The Algona Upper Des Moines from Algona, Iowa on July 17, 1895 · Page 4
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The Algona Upper Des Moines from Algona, Iowa · Page 4

Algona, Iowa
Issue Date:
Wednesday, July 17, 1895
Page 4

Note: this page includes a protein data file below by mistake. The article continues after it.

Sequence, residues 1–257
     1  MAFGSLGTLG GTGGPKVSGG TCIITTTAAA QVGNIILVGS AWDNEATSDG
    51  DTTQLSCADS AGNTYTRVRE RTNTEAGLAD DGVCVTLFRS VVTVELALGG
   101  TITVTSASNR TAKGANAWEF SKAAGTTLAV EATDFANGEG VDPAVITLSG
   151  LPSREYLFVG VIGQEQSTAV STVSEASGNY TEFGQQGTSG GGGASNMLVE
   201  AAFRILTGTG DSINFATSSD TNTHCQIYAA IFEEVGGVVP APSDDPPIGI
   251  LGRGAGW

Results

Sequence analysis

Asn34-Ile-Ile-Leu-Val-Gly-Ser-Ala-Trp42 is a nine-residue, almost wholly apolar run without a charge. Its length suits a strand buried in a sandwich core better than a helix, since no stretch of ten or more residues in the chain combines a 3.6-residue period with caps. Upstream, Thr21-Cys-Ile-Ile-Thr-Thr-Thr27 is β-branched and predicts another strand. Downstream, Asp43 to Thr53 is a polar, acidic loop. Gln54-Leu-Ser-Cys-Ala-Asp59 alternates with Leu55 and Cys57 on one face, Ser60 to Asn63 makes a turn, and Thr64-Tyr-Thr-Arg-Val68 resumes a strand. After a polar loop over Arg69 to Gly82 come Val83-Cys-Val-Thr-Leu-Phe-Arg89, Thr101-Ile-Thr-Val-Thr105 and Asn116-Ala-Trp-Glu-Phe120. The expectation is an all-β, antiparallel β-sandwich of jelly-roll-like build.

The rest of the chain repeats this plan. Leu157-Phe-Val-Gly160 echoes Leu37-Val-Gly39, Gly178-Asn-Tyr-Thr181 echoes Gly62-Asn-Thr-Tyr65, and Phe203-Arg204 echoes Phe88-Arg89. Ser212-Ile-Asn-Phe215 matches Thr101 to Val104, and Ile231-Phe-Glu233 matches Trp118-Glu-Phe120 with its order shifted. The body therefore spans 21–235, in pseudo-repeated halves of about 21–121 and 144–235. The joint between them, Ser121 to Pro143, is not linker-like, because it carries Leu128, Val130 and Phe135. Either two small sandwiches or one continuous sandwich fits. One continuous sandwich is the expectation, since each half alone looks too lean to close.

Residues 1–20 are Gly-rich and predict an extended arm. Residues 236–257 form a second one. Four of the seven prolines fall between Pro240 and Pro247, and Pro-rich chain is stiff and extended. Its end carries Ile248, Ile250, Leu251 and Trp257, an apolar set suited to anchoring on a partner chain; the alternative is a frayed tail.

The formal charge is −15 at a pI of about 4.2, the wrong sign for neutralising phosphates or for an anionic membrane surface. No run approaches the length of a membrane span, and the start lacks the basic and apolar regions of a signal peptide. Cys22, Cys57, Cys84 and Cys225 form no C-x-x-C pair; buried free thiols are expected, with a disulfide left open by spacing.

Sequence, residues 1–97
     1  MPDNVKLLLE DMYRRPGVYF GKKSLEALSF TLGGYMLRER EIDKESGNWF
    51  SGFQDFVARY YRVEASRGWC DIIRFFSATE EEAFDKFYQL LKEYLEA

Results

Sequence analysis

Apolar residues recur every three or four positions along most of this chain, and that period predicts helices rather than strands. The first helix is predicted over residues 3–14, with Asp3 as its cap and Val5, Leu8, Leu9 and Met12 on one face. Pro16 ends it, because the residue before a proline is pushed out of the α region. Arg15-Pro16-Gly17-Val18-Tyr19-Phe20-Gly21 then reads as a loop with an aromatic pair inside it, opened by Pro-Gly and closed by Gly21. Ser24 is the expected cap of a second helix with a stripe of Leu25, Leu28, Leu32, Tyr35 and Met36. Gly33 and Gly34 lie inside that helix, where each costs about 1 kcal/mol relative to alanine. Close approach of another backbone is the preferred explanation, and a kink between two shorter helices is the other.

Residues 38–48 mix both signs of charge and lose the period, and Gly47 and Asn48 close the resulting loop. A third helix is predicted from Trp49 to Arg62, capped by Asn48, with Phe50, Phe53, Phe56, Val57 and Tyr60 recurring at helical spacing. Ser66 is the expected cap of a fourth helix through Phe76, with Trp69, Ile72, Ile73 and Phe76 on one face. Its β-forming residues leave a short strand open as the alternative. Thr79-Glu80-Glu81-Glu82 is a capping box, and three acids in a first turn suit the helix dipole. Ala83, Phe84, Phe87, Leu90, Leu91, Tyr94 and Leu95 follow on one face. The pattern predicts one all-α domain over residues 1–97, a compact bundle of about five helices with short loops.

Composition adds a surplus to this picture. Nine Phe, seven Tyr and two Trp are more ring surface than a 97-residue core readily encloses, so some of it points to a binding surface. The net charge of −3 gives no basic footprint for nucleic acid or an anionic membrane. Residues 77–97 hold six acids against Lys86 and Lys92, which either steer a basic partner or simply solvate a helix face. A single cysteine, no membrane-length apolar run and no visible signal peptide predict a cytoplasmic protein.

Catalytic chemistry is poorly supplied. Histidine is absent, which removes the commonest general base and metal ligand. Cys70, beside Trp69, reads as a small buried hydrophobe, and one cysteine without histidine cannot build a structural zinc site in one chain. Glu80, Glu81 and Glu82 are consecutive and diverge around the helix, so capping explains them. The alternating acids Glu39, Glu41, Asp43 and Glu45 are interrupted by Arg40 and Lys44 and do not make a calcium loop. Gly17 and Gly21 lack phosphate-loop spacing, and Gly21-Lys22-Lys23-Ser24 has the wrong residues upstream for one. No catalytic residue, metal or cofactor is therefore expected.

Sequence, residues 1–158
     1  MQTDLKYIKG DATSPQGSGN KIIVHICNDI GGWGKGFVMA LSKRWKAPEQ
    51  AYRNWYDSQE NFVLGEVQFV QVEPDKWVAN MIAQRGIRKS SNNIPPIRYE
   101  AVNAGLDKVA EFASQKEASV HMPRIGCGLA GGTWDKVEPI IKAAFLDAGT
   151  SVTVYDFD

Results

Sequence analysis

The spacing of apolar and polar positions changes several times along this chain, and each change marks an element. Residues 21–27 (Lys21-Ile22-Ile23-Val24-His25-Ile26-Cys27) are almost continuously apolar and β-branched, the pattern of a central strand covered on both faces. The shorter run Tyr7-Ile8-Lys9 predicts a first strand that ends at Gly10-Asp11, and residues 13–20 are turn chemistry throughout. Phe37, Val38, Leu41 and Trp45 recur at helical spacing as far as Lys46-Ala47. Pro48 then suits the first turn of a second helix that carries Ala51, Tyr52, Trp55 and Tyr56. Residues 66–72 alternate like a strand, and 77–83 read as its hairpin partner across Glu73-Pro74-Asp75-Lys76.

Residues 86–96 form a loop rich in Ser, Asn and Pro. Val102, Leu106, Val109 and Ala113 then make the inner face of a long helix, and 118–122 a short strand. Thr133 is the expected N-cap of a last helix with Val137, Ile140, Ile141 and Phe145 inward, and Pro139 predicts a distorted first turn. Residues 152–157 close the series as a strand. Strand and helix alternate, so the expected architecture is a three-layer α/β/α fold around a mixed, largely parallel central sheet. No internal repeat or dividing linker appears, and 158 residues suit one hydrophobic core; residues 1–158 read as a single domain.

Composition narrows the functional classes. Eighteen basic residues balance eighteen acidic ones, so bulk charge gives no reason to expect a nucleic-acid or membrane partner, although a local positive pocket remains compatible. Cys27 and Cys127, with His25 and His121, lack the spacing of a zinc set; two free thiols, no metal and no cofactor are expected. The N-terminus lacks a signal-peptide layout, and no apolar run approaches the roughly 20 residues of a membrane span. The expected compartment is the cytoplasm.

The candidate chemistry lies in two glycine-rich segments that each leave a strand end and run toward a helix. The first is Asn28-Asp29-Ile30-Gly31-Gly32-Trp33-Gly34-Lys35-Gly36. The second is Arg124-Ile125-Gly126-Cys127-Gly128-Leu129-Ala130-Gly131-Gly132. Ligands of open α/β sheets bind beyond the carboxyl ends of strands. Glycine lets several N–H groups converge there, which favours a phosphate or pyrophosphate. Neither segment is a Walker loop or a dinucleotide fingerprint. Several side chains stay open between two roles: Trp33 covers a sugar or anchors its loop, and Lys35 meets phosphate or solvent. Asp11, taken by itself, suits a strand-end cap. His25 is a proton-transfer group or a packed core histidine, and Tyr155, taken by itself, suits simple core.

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' " ' *" * lpsii^fi;p^^ ^4^,pifflfe<^v,;^-;'":;;^^'^ 4 V'-'V--^ < ,T*s *££. * . «frj /<--t >' ; ,i- ./ ,, , , -, < dl'afk COmffi6Bt§ 4be Bpetadfe character- of political lupptif t developed by the gubernatorial candidates, Their strength was in spots, The assumption that eon» gressianal districts Would eotae* to the convention In solid phalabx was again as it always will be, Matt m t^o te&mm for the li, !§ feaVe fossa hlefally »M 6'dflducted to the afesi Of thetwoeiWlB, the with the re venue attack- r. fttfrott had nearer a solid local support than the others, but even his territory Was invaded. It was assumed that the ' 1 *a?enth district would be solid for one or All of its home candidates and that the Eleventh would help the northwest Iowa men, Even on the first ballot Drake and flarlan had a healthy vote from the Tenth, and a very healty vote from the Eleventh, and the compli- mentarles once in, they and Parrott and Harsh at once had the support of the delegates who were for them by personal preference. Governors are , not nominated by localities nor on ' account of localities. Another assumption which came to nothing was that the convention could he stampeded. The supporters of every candidate seemed to have it in mind that by noisy demonstrations a •change could be made in the footings .of the tally sheet. The result was one of the noisiest conventions ever held, but no stampede. Every delegation l.knew just how the vote was going and was waiting for some other delegation to get excited. The Drake supporters actually injured their chances by untimely yelling, and the venerable Jsaac Brandt only made himself ridiculous by his attempt to cause a Harlan break. The stampede was tried by Chicago when that city was organized to foist Gresham upon^ the republican .national convention eight years ago, and was tried again by the Elaine men four years ago at Minneapolis. It is a • failure. Too cool headed men go to conventions as delegates. Future conventions might as well accept the iri- evjetable and vote in silence. ; The convention itself "by its rules disposed of a time honored device of the political machinery. It declared that when a.delegation.had once voted no change could be made until a new ballot was called. A whole political sketch book could be filled with interesting scenes where candidates have been made and unmade by the timely change of the votes of delegates after once being cast. But changing votes is valuable only to political manipulators, is a terror to secretaries, and presents that most absurd of all customs—" getting on the band wagon" after a nomination is assured and thus appearing in the final roll call as ^voting for the winner. There is a proper way of making a nomination unanimous, and the motion comes .with as good grace from delegates who vote for their men to the last as from those who flop as soon as they see they are beaten. All succeeding conventions should adopt this salutary rule. menti It is Hot seriously claimed that the saloons iave not iHcreased the sale and uaevof liquor. Curing the week the satdons.w'efe clbstd the jail was emptied for the first time in months, The average attendance has been from 40 to 60 during the saloon period and during the short time the drug stores had the exclusive sale the number A full repdrt of the big republican convention with the platform and speeches will be 1 found on the inside pages, The state convention last week did a wise act in renominating Hon. Henry Sabin for state -superintendent. The public is fast recognizing the fact that experienced school officials ought not to be subjected to frequent changes, which everyone knows have a damaging tendency in the progress of school advancement. Many of the superintendents of public instruction in other states have held their positions for a long term of years. The same policy is followed in many of the counties in this state where the county superintendent has been at the head of the school interests from 14 to 18 years. There is no more propriety In retiring a Superintendent on account of the length of his service than there is in dismissing • a high school principal because he has taught four or any other number of years. Senator Funk is getting out a daily paper at Spirit Lake for two weeks that would be a credit to a city. The Carroll Herald says: More than the usual number of newspaper men have been nominated for the Iowa legislature this year. We don't know that it will hurt the legislature or lower the standard of that lawmaking body, so far as its personnel is concerned; but it is not going to especially benefit the newspapers or their legislative editors. Better things could happen an editor than to be sent to the legislature. That there was something behind the peculiar resolutions and delegations of Clay county fully appears this week. The News devotes two columns to answering attacks by the Peterson Patriot and Everly News on the conduct of the convention, but still does not state how the Hubbard and Cornwall forces expect to unite. It still appears that Cornwall has his nomination, secure. Is he going to throw it up for a bare chance to nominate Hubbard? Clay county's appearance in the senatorial field, if it is earnest, is attended, we should' say, with very embarassing home complications. The Hamilton County Journal feels good as follows: All hail! Kossuth county. It did the fair thing by Mr. Kamrar. A material the teiapmFy- cnalfmatt Made of, Joe. & Lftfteeaffle ttbm t>&ft and Scott eMftty wants as Uttie |*8tiibltion fti wii! pacify the slough Water districts, afid wants the* law changed so as to permit breweries ftnd distilleries .to operate, Mi6 speech Was known to contain a vigorous paragraph on this question afid at 1 o'clock the night before the eohVention the centfal Committee roused him out of sonbd slutnber to pet-suade him to cut it out. He informed them that they selected him knoWiag Where he came frott. If they wanted to emend him out of office they could, but they could not emend his speech, That ended the matter and he spoke exactly as he had planned to. Mf. Lane's father was a member of congress afid an able lawyer. The younger man was offered the nomination last year but his business would not permit him to accept. He is a fighter for republicanism, and made as direct, incisive and practical a speech as has ever been listened to by a state convention. It had the added virtue of being short. MF. om& treasurer of is very lew ttm & CONVENTION NOTES, NX) TROUBLE IN KO88TTTH. The Armstrong Journal says; "Kossuth county has no saloons but they aeem to have more trouble about liquor over there than any county in the state. They certainly have much more annoyance in regard to the matter than the counties that have open saloons," The Journal is mistaken. We have so littlo trouble that the slightest infraction of the law causes comment. The fact that seizing three kegs of beer makes a good news item proves tbe exceptional character of the occurrence. There is not a county in Iowa where the liquor business causes less pj. attracts less attention than Its evils are at a minimum in these parts and they will approach, ,ft maximum in neighboring counties jjust in proportion as tbe old. fashioned system gains a foothold. What is euphemistically called the tabernacle in Des Moines was crowded as never before last Wednesday. The jam at the doors after the walls and aisles were lined was as great as ever. All shared alike in the scramble to witness Iowa's greatest convention. Boys got in among the distinguished citizens on the platform, while at the rear Capt. Hull struggled to get his head through the door. No such crowd has ever gathered in the state, because in late years the uncertainty of the outcome has never been greater, and purely personal interests have never been more prominently at the front. Properly or improperly, political gatherings have come to be classed with great sporting events, and public curiosity is turned to them much as to a horse race or a prize fight. Men got wild over Drake or Harlan who know^no more of their records than they do of Fitzsimmons or CortJett, and who, when the result was announced, really cared no more than they dp over the outcome of any exciting contest. Of course the directing influences of a convention are the men of intelligence • and convictions with interests at stake, generally public, sometimes private. But the crowd are there to see " how it will turn out," Two years ago they cheered Jackson to the echo. The governor came and went on the stage Wednesday unnoticed, Last year V The platform was read by the Venerable but still vigorous Judge Wright, Iowa's "Grand old Man," It was written by Geo. E. Roberts, who is becoming the recognized literary bureau of republicanism, In Des Moinos as everywhere our modest Fort Dodger was received -with distinguished attention, He has received more flattering press notices than any other author of the year, and is the recipient of innumerable letters, three of them from members of Cleveland's cabinet. Secretary'Carlisle especially praises his reply to Coin. The platform is a magnificent statement of the present status of political parties on pending national issues. « « • The failure of the platform to refer to the liquor question was not a casual oversight. The Scott county men were dead set on having a plank favoring the manufacture Of liquor in the state. The appointment of Col. Pete Hepburn on the committee from the Eighth settled it that there would be a fight. Then on the other side the prohibitionists wanted a plank for resubmission and the Scott county men did not want that. The outcome was that both sides consented to stand where they are and let the legislature fight it out. * # Lafe Young, as permanent chairman of the convention, established a precedent that will become a convention law. When he took the chair he talked less than five minutes, and said more that was to the point than some of his predecessors have been in the habit of saying in two hours. Senator Harsh hurt his gubernatorial chances more by his convention speech a year ago than by anything else, and two years ago the convention nearly refused to elect the chairman the committee had agreed upon because it was known he had a two hours speech. Mr. Young was cheered through a dozen epigrammatic and pithy sentences and grabbed the gavel, the most popular permanent chairman Iowa has had. * * Congressman Dolliver was conspicuous on the platform. He goes to Spirit Lake to lecture in the Chautauqua course this week, and will remain and dally with the fish until Aug. 1, when he will instruct the editors at Estherville on their duties to society. He looks as genial and hearty as ever in spite of the effort he has been put to to fight down the matrimonial rumor Lafe Young set afloat in the spring. He owes the Capital editor on another score as the story goes. The two were speaking together in the campaign last fall and Mr, Young in illustrating the benefits of protection referred to Mr. Dolliver as imported raw material from West Virginia, turned out into the manufactured product by Iowa. paralytic stroke. Slue Earth Oily had a big aed successful celebration. Among 1 other items in the fepof t we notes Thfi gate receipts at the ball gatne were $82, Wesley Reporter: AL Pfesnell has gone to Algeria to take charge of John Grove's boot and shoe store. Al, Will make business boons if anybody can. West Bend Journal; The Algena Courier boys got theif mailing lists mixed last week, West Bend papers goihg to St. Joe and vice versa, Paul Dorweiler says Ike Findell celebrated too hard the Fourth, The Ledyard Leader refers to ' J. L. Sutton and says: We have heard before that this fellow has azure by whole counties to sell and why should they try to keep him from selling an article on which he is over stocked. Huthven Free Press: M. Jenson of Algona was in the city on Thursday of this week and decided to locate with us and .open up a tailoring establishment. He will open up some time during the first two weeks in August. Spencer News: J.F.Gilmore is having the interior of his store room cleaned, new shelving put in, new hard pine floor laid and the interior wood work newly painted. When all is finished he will have an attractive salesroom. Esthervllle Republican: A. A. Call, who built Algona's handsome opera house block two years ago is building another elegant double block there this summer. It must be pleasant to live in a city whose wealthy citizens are public spirited. Ledyard Leader: A. D. Clarke of Algona is a candidate for senator to succeed Senator Funk and has a delegation of whole-hearted supporters to the senatorial convention. Our delegation will do all they can to nominate f he Two Mate teg Together in This fan of Iowa Aeeordlfff to efit Appearances, A Sketch of What Mfis fiten Cotie Reclaim Land ¥b£t Needs fio Declaiming. Iff ^portsJrom the state indicate that ,, f,>- J jibe frap coinage men are selecting a " ' of the delegates to the coming ;4gm i poja,tio state convention. Fred , White, a radiea.116 tp I man, is named Jpr governor, and although he has re* , 'f tisea tp allpw big nametp be considered, ,\J$ Jffcejv to accept e, nomination.' Tbe " 'i meet in two weeks, •to permit the ad- tp be laid low without one W$A«J5]RS, McFarland • led the victorious- ticket, Wednesday his fading votes were laughed at'as they were announced. V Gen, Drake's nomination was in evitable and was brought about by { curious combination of forces. The vail- way Interests were conceded to be friendly to him, but among his most enthusiastic supporters were Gov, Larrabee, J, G, Berrybill, ex-Ra,ilway Commissioner Camp, bell, pto. The old soldiers also favored Prake, The general is rich, a shrewd and successful man of affairs, bi-oad gauge in bis views, the promoter pf enterprises of as a kinds. The veterans )inew him soldier and his neighbors as a hearted flud liberal man. Ft'ow the, first bajjot be gained steadily. The minor oftpdidatea hftd hoped to prevent this. But with each successive ballot bis vpte grew until it was as plain a? day that he vypuld he chosen, jijatt Parrpt he.ld. h}9 fjrejjgtitl t9 tb§ l«»t ftijd when Orajje.^ npunmftUon made |t impracticable to take ea^ly The great applause of the convention was given to Senator Allison, This year it was spontaneous and enthusiastic. Eight years ago the Iowa republicans cheered for Allison but they were really hoping Blaine would win. This year they have no undercurrent of sympathy for some other candidate. The senator's appearance on the platform called out repeated applause, and when Chairmrn Lane referred to him the audience would not allow the speech to go on until he arose and bowed, With great modesty, as ever, he acknowledged the distinguished honor of being honestly chosen by a great gathering for the presidency, * * Among tbe most pleased with the outcome of the convention were the Register force. The Register made a splendid fight for Drake, and R, P, Clarkson, who rarely attends conventions sat and perspired with the rest of the Polk county delegates, awaiting the final ballot, Mr, CJarkspn, owing to a slight defect in his hearing, does not mingle as freely as his brother }n publip gatherings, but is no less genial and entertaining in conversation with those who invade his sanctum. He fights with vigor when he fights, and in this cape be had fougbt wittj zeaA because of his great esteem and respect for Gen. Drake. the Kossuth man, and we hope they may win. Swea City Herald: J, E. Paul, Dr. C. B. Paul and family, Mrs. Hawkes and Mrs. Hill came up from Algona yesterday and the gentlemen went to the lakes, while the ladles visited with the family of C. F. Buker. The rest of the party and Mr. Bukers' leave for the lakes today. Emmetsburg Reporter: Miles Mahan spent his Fourth with old friends at Algona. He is well acquainted with the old settlers of Kossuth, having been brought in contact with them during the early settlement of this section. He enjoyed a very pleasant Fourth. Emmetsburg Reporter: Appropos the proposition to drain the lakes in this county, Henry Durant has a well- timed article in the Algona UPPER DES MOINES pointing out that it would be better for agriculture in this section, if each farmer would preserve the ponds and lakes instead of draining them, Armstrong Journal:. THE UPPER DBS MOINES states that E. B. Campbell Is a candidate for sheriff of Emmet county. That is a mistake it is E. J. Campbell, son of E. B. Mr. Campbell takes an active interest in politics but does not seek any office. He has enough of this world's goods to live comfortably and is taking life easy. Livermore Gazette: Misses Mabel and Alice Brooks were among those who celebrated the Fourth at Algona, and were so unfortunate as to have a runaway, caused by the breaking of the king bolt in the carriage. The horses got away and were captured by Very few people even in this part of the State, where the beneficial effects o! the swamp land grunt were expected to be felt especially, have any Idea of the extent • to Which scientific drainage has lately bee"n Carried, and of the extent to which the swamps and small lakes of northern Iowa have been converted into dry land, The Des Moines Leader lately had an interesting column describing some of the chief drainage schemes. It is worthy of perusal now when the question seems to be how to keep our land moist rather than how to dry it out: Of course all know that a great deal of small ditching and tiling has been done by private parties; but it Is not generally known that great drainage canals, miles in length, have been built under the supervision of the county authorities or by syndicates of farmers, that have reclaimed thousands of acres of land.' Probably the first important ditch of this kind was built in Calhoun and Pocahontas counties from north to south and draining Into one of the arms of the Coon river. Only a few years ago two great sloughs extended across these counties, almost the entire distance from north to south. They were known by the very appropriate names of Hell and Purgatory sloughs. They were full of water the year round, and varied in width from four or five hundred feet tq a mile or more, while the marshes that bordered them covered hundreds of acres of rich loam. It was almost impossible to get across the liveryman at Algona, " a large portion of the harness being lost, and another carriage was secured there in which to drive home. Livermore Gazette: Vern Baker and Bert lyes helped to make up a merry group of four, who with a Humboldt rig took in Algona on the Fourth, and besides doing their proportion of celebrating they unintentionally added to the excitement while there by having one of the burrs lost off the carriage, and their efforts to continue further on three wheels proved a total failure, letting them down in the street, They caught the truant wheel before it got out of sight, but were not so fortunate regarding the burr, and made a complete canvass of the wagon shops of the city before they were fitted out. DEATH OF MB8. J. g. FILL. The Remains Brought to Algona for Interment This Horning, Mrs. J. K. Fill died at the home of v , The strong point in , this great republican cpftYejtio platform or candi4ates,. }t wgs vftfliBg atmo^ere, powa, or ibie essence pi busi&ess in all n,ot its the pre- a, wh.oje, Wtite of any her daughter in Milwauke Monday, and the remains were brought to Algona this morning attended by Mr, Fill, Mrs. Hathaway, and Mrs, kinn. Mrs, fjaupt came from the west yesterday, Mr, Haupt and Mrs, O, 0, Fill arriving this morning. Mrs, Fill has been in failing health for several years and for a month or more has been deranged, She was married to Mr. Fill in 1843, in PaupUn county, Penn., and came to Kossuth county in I860, locating with him on the welM?np.wn, farm in Irvington, She wag the mother pf eiggt children. As a pioneer settler she had many warm friends among the little band who were strung along the river in the early times, and, but for chronic 111 health, would hgve extended the circle a? the county settled, Those who knew bep best appreciated most fully u her many excellent trajts, Her death will be mourned by all, Mr, Fill, who survives -her, although, 84 years o}d, the sloughs except on the few bridges provided at the not oft ocouring narrows, and for years it had been a problem with the people of the counties what to do with the sloughs, which were the only things to detract from two of the best counties of the state. It was finally decided to try to ditch them. When this plan was first suggested the people laughed at the idea and insisted that it could not be done. A big dredger was brought to the community, however, and put to work. It was set on a flat boat and placed in the slough and a channel about twenty feet wide and several feet deep was dug through the very center of the swamp to an outlet in a waterway. The experiment was a success, and within a few days after the completion of the ditch the water receded from all the surrounding country and vast areas that had been covered with swamps for years were burned off and in another year were being cultivated and produced the biggest yields in the county. Now all that remains of the two big sloughs is a narrow waterway running through fertile fields. The expense of digging the ditch was not much and was prorated among the owners of the titles to tbe swamp and abutting lands who received the benefit. Other counties commenced to experiment with like-results. Up in Hancock and Winnebago counties there were thousands of acres of swamps in which the Iowa river had its source and that spread out In every direction for miles, making an almost impassible jungle. A system of county ditches was tried here and with the best results. A main ditch was constructed through the center of the swamps from the Iowa river and from this branches were run. The result was that now all the country has been reclaimed and farm after farm is now being cultivated where before ditches were built it was impossible for cattle to cross. O'Brien county has also experimented with ditches with considerable success, and in Webster county a ditch through a portion of the eastern part of the county has proven so profitable and reclaimed so much land that' it is proposed now to build another in the western half of the county, Kossuth county has also tried the ditches, In Wright county it is proposed now to reclaim several thousand acres of lake beds between Clarion and Belmond by running a deep ditch from' the outlet to the Iowa river, In Humboldt county the bed of Owl lake has already been reclaimed and is producing large crops. In Hamilton county several lakes or sloughs have been drained and converted into farms, and it is proposed to continue the work. In Green county Goose lake and tbe Hundreds of acres of swamps that surround it are to be reclaimed this year by private parties who have purchased the title, In Woodbury oountv private ditches, each from ten to twelve miles long, were built'by the owners of a great many thousand acres of swamps on tbe Missouri river bottoms and recently these tracts have bee n put on tbe market - - -readily for as high as and per acre, with td kill - - y •"- »-.— -pwwgj ** i?h* tfS\J\I LSV^A. ViVi V* In Monona county, that is almost wholly on the river bottom, and that at times nas been entirely overflowed by the waters of the Missouri and its tributary streams, a great system of ditches has been put in that has practically re* claimed the entire county and made it one of the greatest corn producing counties in fowa, r * Plans have been formulated to re? cover from, the swamps and overflow a great many thousand, acres of land in other portions of the state in' the next couple Of yews as a. result of the success of tbe ditching already done and the prospepts are tfcftf In. a few tmefej Sis.edtisifi, _„ E%tt^^M Wkl »8 J> id kill r^fc«»J,»«««ASi the ,aife ^of Ibe f»8tteek, It to the rthblts afid It pftJvid Bel...., to kill a healthy ybutig math The im mediate §6n8ali6fi was a behtifflbifig of the whole spine, and hut little Sore ford* would have caused dislocation The neck stiffened find Will, was takea hotae in a pfadtidally paralysed SBOndt* tion. Dr, Gaffield was called ffofft Al* gofia at once, and by injections stopped the spinal trouble and'had him' well on whett Malarial fever set in afid he is fi6w having a, full run of that debilitating disease. Thgf§v6P'ie Hbt attributable but undoubtedly was couraged by the lessened vitality resulting from it, Practical jokes should be made statute offenses on general principles, pointing "unloaded" re* volvers should receive capital punish' ment, and nothing short of the old bastinado should he ineted out to that particular species of human flend who Is always slapping your back, pinchinff you, or giving you a whack in the ribs as a sigh of appreciation and good fellowship. WHAT MAKES THE OBAPS GROW; I've been readtn 1 'bout free silver And a " Coin's Financial School," Where a feller makes his money By a short an' simple rule; An' the farmers' corn and taters Grow 'thout sweatln' up his brow . An' while he sits down a thinkin' His steers grow fatter, sum how. His hogs don't waller in the mud But lay aroun' and grow, Never no need o' feedin' corn Fur "free silver" makes 'em so. The mortgage that is on the farm It seems like it bed wings, Yer wife agoin 1 'bout her work She most always smiles and sings. But I'm about concludin' As I'm readin' oh it thro', That it haint "Coin's School of Finance" That makes the craps grow. Tother mornin' bright an' airly 'Fore the sun supped up the dew, While the wife was gettin' breakfas' I Jes' plowed the taters thru. As I smelled the coffee bllin' An' could hear the bacon fry, My tho'ts sum how got to thinkin' About this "free silver" cry; How I'd get tew bags o' flour • Fur one o' wheat down tu the mill, • How I'd raise mor'n twice the taters Than I use to, in a hill; How we'd all be rich and happy With good times we read about,. . When I seen that I'd ben plowin 1 Mor'n a dozen hills plum out; An 1 1 was about concludin' ' As I stopped " Blaze" with a " whoa," That it haint yer old "free silver" That makes the craps grow. Next mornin'a politician Cum along with smilin' face, Says " The way this kentry's runnin' ' Is nothin' less than a disgrace." He would like tu go tu Congress Says he thinks he'd fill a seat, They|d be sure to pass "free silver" Then I'd sell my dollar wheat. Wai, he staid an' had his dinner, Then he staid till stars shone bright, Sed his eyes were kind o' failin' That he'd like to stay all night. In the mornitt* after breakfas' When he's ready tu go'way, He reached down into his pocket As if he expected tu pay. Said " When I git into Congress An' that Free Silver Bill is pas't, Yer good wife will be remembered With the fust dollar that is cast. An' I was about concludin' When I saw that feller go, That it haint the politician That makes the craps grow. I bed jes' got out the ho'ses An' started fur the flel', When I seen a sumthin' comin' Ridin' on a'double wheel. I tho't at fust 'twas Joe Brown's Bill Er sum other college fool, It was a stunner when he sed '•I belong tu this new school O' wimmen. I have a paper Gettin' siners, don't you see, To present to our next Congress. To increase our liberty." She tol' me (while I was standin^ In the shade of her left sleeve,) All about the woman's Bible Where the fust one made was Eve; An' Adam—well he warnt in it, Seems they had »o use for him, Fur they robbed him of his trousers. An' made him the fust tu sin. An' while we were standin' talkinV This "new woman" here an' me, The "ole woman" was gettin dinner An' a makin' of the tea. Wai, she bed to stay to dinner The» she staid Mil mos' sundown, An' I'd lost a hul day's-workin' 'Fore she started of? fur town; An' I was about conoludin' After watohin' pf her go, TJaat }t haint this here "new women" 1 That makes tbe craps grow. Now there's my neighbor Ferguson, He's, eccentric, tpwn folks say,' Fur he's, the hardest workin' man That ever kneeled down to pray, He never goes to see a race, He don't oaje tw politics, He says f ' TWs talk 'bout free silver Is enough tu make on_e, aioi?." He, don't believe that "free silver" Will pay half § |e}ler'§ dpty, » Jt'a always tQtbej: h.alf," j, e says. " Thj,t wafees the. feljer sweat; Aft' the feljer that goes a i •After bap p.'; pay wh,a,t Jifctje ^is'b.e has tfe§ ens will fl.nj he's sojd,» /. >,i 1